So many restaurants have preciously clever names, or names so obscure or confusing they don’t mean anything until the managers explain them. On the other side of that is Meat and Potatoes in Auburn, which has as straightforward a link to its lunch and dinner menus as possible. “It says we’re going back to basics,” said co-owner Michael Smith.
Three veteran diners and I found it across the street from the vintage Placer County Courthouse in a creaky, two-story, architecturally fascinating structure. It’s composed of two buildings, one of brick built in 1880 as a residence and one of wood added a century later to accommodate the White House restaurant and bar.
In 1998, Latitudes restaurant moved in with a menu that featured a different international cuisine each month. Latitudes closed, and M&P opened in December. The kitchen is manned by co-owners Smith and John Pearson, formerly of the French Gulch B&B-dinner house. George Smith, Michael’s father, is the third co-owner.
We walked through the dining room (filled with eye-catching decor without being fussy) to a table on the deck, dominated by a greybeard oak tree. It’s ideal for an al fresco lunch, despite the roar of traffic from nearby Interstate 80. Thank you, Harley-Davidson.
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Our personable server, Brittany, started things with a round of Arnold Palmers (freshly brewed iced tea and lemonade), followed by housemade soup (curry-seasoned veggie with bits of beef) and a surprisingly good salad with tasty croutons that “aren’t like little rocks for a change,” one lunch pal remarked. The addictive, well-seasoned french fries are a frozen product that could easily be mistaken for house-cut (which are available on request).
We loved the dripping, two-fisted Feel the Heat burger, loaded with lettuce, tomato, grilled onions, jalapeño and pepperjack cheese, and burnished with an unidentified “hot and spicy sauce.”
The burger would have taken second place on our ranking to the Ole Diner Hot Beef, but ... The thinly sliced prime rib is served as a gravy-covered open-face sandwich with a mound of excellent mashed potatoes and house-made gravy. Unfortunately, as well-textured and potentially delicious as it was, the massive mound of meat was way too salty on this day.
“The beef is cut from our leftover prime rib roasts, and we didn’t notice they were too salty until we were putting them away Saturday night,” Michael Smith said by phone later. “We said, ‘This is what we’ve been serving all week? It’s terrible!’ That’s not the norm, and we’ll fix it.”
We hope so, because when everything is in tune, that retro favorite (dating to 1400s France) easily stands up to more “refined” casual fare.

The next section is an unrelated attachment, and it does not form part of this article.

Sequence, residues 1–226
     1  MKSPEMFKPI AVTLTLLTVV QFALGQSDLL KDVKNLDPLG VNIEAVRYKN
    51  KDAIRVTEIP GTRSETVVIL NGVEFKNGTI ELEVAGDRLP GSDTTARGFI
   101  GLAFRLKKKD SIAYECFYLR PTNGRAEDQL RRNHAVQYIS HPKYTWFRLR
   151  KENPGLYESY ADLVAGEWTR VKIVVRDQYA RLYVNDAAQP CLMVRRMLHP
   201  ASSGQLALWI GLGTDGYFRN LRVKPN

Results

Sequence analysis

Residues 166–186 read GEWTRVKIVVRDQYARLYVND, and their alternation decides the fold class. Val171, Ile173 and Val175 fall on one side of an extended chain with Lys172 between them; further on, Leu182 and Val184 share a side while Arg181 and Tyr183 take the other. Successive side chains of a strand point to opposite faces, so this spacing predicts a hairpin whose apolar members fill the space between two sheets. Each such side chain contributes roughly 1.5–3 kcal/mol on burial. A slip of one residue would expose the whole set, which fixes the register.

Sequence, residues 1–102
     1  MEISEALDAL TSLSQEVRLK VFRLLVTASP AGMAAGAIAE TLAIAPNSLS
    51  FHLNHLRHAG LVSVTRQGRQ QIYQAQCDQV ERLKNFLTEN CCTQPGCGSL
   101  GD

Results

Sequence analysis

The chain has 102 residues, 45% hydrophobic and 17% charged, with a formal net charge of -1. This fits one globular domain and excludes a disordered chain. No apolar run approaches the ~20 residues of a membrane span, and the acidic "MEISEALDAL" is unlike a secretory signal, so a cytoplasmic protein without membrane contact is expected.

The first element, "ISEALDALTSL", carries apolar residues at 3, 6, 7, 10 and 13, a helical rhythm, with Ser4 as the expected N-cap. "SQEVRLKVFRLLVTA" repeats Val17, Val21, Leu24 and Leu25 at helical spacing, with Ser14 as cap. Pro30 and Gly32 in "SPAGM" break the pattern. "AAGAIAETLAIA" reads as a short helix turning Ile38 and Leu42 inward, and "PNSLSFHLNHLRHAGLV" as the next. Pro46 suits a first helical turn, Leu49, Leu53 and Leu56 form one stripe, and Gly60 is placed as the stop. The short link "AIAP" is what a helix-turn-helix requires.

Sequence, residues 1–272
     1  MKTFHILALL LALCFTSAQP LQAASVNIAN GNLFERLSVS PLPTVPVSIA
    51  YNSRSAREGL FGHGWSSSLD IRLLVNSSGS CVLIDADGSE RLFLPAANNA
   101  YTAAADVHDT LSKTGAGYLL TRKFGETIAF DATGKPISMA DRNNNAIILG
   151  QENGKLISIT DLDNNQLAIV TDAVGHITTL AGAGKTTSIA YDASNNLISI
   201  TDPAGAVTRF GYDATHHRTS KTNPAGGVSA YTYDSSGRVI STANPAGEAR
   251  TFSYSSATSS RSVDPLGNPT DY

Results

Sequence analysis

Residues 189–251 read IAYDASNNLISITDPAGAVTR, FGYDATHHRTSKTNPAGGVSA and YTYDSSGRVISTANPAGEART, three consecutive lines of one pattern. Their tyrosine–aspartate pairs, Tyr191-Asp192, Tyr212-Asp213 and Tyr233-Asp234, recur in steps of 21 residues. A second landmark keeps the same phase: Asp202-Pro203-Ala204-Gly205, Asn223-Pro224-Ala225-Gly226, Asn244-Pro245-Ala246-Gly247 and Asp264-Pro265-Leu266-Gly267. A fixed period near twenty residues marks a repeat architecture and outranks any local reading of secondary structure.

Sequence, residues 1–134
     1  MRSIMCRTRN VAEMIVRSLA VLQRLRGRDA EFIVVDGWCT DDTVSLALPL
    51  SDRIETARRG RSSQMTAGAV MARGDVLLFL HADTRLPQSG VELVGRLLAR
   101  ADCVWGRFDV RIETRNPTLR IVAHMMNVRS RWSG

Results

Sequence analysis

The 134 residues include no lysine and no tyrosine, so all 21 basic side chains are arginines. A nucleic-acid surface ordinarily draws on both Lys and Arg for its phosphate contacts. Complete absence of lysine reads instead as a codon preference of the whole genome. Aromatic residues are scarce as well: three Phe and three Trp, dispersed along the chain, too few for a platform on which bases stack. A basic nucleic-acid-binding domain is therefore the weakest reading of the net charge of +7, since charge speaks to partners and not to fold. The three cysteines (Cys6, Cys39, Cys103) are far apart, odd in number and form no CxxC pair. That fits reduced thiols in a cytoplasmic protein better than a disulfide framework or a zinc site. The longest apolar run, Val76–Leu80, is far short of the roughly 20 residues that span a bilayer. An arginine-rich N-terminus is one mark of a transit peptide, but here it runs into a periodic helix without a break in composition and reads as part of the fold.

Next up: A 6-ounce boneless, skinless chicken breast dipped in tempura batter and deep-fried for the Crispy Chicken Burger. The coating saved the flavor-starved breast, lending great texture and some taste. “Bacon would give it that needed missing ingredient,” one lunch pal suggested. Another said, “If they made a Feel the Heat version of this Crispy Chicken, they’d have a winner.”
Sautéed fresh mushrooms were so succulent “they should be served with everything,” one lunch pal said. Hmm. Next time, we’ll spoon them all over the prime-rib sandwich.
M&P’s dinner menu ($12-$28) is more interesting and varied than the lunch menu ($5-$14), with the likes of pork tenderloin, rib-eye steak, garlic-mushroom chicken and steamed fish.
Downstairs is a marvelous bar of wood, brick and stained glass, made intriguing by a resident ghost – or so it’s said.
Looking for dessert, we left Auburn and pulled up at Machado Orchards, a few minutes away in Bowman. The 33-acre fruit orchard was founded by Azore Island immigrants Joe and Constance Machado, who bought it in 1926 when it was a much smaller pear and plum orchard. Now their descendants run the show.
The star of the farmstead is the from-scratch made-on-site fruit pies – peach, nectarine, blueberry, raspberry, boysenberry, marionberry, mixed berry and others ($16 and $17).
“We usually sell about 200 pies a day and maybe 300 a day on weekends,” said co-owner Shawnie Machado (with husband Gary and mother-in-law Barbara). “In the fall we’ll have apple, pear, plum and pumpkin pies.”
We bought slices of hot-from-the-oven peach pie (a la mode is an option) and wolfed them down, with many grunts of appreciation. We bought whole pies to take with us, for further research.
To get to Machado’s from Sacramento, continue on eastbound Highway 80 past Auburn to the Bowman exit (No. 122). At the end of the exit, turn left under the freeway. Go to the stop sign and turn right. Look for the windmill on the left. It’s at 100 Apple Lane on the Bowman Frontage Road, 530-823-1393. Orchard tours are offered in September. Its annual apple festival will be Oct. 17.
MEAT AND POTATOES
- Where: 130 Maple St., Auburn
- Hours: Lunch is 11 a.m.-2 p.m. Tuesdays-Saturdays; dinner is 5-8 p.m. Tuesdays-Thursdays, 5-9 p.m. Fridays-Saturdays
- Food: ☆☆1/2
- Ambiance: ☆☆☆☆
- How much: $$
- Information: 530-887-8648, www.auburnmeatandpotatoes.com